"The Carthaginians and Tyrrhenians, who had got into their hands many more than the Phocaeans from among the crews of the forty vessels that were destroyed, landed their captives upon the coast after the fight, and stoned them all to death. Afterwards, when sheep, or oxen, or even men of the district of Agylla passed by the spot where the murdered Phocaeans lay, their bodies became distorted, or they were seized with palsy, or they lost the use of some of their limbs."

But sometimes the locality seems to yield not only an influence but also impressions conveying definite information. Sir A. Conan Doyle once told a story of a curious experience of his own, which is of this type.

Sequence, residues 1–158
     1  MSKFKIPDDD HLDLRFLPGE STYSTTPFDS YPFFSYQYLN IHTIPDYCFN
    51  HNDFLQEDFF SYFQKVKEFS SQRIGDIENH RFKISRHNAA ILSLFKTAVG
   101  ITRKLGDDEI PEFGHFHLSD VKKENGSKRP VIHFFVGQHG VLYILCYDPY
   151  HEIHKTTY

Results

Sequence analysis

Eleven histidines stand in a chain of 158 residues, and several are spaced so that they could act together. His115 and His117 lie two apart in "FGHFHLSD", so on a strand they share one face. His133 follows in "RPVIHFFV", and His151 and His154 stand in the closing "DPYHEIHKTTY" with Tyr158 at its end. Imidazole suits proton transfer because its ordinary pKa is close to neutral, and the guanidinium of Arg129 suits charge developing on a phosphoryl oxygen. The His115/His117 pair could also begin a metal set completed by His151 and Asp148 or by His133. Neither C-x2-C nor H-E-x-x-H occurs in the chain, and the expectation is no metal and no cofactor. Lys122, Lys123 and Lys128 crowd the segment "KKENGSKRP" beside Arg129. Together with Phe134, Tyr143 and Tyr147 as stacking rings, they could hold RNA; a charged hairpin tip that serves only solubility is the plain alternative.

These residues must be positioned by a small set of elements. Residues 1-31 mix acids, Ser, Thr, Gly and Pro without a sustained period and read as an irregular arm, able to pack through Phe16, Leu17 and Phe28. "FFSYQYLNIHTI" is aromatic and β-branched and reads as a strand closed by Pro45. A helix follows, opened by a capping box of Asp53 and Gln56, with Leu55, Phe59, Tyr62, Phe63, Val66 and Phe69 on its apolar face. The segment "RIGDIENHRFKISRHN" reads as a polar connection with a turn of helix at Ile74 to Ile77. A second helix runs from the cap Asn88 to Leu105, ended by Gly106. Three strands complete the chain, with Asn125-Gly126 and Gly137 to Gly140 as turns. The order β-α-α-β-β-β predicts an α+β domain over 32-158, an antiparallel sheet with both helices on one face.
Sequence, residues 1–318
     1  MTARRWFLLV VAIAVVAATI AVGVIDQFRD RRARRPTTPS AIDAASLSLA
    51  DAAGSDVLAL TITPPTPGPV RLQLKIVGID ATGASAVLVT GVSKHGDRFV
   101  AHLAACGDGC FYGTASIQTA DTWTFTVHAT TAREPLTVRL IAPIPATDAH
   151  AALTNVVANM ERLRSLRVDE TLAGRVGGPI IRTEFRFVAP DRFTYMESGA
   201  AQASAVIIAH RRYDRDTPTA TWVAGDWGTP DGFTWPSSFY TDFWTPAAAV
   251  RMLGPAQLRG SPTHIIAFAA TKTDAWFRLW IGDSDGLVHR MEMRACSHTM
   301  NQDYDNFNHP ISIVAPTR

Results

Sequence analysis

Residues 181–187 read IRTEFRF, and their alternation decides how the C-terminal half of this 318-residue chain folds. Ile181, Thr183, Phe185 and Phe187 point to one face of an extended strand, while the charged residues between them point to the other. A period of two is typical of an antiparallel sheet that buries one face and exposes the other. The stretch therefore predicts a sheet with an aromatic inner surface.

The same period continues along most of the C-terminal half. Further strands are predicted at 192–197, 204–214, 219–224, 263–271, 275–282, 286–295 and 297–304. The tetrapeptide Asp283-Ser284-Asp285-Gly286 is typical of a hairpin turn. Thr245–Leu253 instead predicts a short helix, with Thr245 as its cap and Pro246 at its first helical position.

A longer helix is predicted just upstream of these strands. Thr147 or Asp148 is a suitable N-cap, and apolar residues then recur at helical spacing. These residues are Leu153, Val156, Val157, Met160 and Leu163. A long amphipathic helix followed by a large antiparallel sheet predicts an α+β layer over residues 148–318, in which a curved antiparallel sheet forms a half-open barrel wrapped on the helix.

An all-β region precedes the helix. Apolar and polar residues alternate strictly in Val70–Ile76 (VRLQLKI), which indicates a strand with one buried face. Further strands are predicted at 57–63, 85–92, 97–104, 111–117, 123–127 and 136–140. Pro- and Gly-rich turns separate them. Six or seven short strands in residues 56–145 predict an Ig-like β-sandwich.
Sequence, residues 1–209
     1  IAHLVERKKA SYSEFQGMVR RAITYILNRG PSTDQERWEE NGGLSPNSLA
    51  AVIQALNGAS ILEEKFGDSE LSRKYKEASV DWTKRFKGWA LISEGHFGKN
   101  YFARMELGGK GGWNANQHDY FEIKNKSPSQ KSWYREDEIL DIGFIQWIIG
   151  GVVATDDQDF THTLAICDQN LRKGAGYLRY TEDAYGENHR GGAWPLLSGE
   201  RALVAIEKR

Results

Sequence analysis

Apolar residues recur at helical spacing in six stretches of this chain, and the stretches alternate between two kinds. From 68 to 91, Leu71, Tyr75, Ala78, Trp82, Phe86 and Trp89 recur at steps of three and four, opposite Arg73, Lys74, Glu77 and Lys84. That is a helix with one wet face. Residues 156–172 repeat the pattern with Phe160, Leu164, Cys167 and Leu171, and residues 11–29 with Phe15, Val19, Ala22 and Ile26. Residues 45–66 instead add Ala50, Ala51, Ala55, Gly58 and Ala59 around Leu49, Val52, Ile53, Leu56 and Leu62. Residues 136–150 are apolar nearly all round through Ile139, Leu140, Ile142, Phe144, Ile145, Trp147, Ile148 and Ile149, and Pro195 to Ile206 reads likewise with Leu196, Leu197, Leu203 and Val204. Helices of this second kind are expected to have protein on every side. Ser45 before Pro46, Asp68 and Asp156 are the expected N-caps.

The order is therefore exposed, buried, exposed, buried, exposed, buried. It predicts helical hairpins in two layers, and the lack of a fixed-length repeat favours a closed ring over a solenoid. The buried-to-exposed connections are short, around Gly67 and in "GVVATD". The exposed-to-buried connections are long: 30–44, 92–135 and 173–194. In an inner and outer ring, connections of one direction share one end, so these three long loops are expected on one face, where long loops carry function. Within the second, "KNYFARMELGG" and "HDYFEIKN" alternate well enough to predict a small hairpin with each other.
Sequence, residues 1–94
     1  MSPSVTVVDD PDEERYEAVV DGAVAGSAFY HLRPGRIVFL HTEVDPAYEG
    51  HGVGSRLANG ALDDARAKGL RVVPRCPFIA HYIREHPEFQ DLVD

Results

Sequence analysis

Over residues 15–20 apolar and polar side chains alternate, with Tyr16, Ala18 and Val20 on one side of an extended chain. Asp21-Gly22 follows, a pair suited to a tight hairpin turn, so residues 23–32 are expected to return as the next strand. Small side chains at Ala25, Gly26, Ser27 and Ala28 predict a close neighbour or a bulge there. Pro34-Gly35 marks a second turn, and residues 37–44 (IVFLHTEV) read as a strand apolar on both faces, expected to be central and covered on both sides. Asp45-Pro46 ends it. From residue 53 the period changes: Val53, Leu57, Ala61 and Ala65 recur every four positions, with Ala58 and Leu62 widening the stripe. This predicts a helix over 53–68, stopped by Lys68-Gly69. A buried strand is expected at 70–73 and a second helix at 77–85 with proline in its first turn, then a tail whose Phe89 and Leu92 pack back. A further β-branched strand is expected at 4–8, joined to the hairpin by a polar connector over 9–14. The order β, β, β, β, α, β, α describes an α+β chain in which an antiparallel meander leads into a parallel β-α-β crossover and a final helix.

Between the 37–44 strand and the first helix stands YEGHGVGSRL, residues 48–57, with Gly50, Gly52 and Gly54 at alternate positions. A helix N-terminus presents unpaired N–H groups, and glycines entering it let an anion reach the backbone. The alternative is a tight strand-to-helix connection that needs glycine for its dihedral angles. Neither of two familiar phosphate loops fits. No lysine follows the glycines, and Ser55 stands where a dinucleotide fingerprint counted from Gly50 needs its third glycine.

Walking over the Gemmi Pass, in Switzer land, he was struck with the suitability of the lonely Schwarenbach Inn for a story of mystery and crime. He proceeded to invent one. He pictured the murder of a son by his own father, the needy innkeeper, who had resolved to kill and rob the first lonely stranger, and who did not recognize his victim till too late. Arrived at the hotel at Leukerbad, Sir Arthur picked up a volume of Maupassant's short stories, and found that not only had the French author been to the Schwarenbach before him, but that he had written a story about it practically identical with the one he had just been concocting! And, as Mr. Francis Gribble has pointed out,' neither novelist was imagining anything new, for their plot is the plot of Werner's tragedy, "The Twenty-fourth of February," which is based on a real occurrence at the Schwarenbach Inn,. The thing had actually happened there!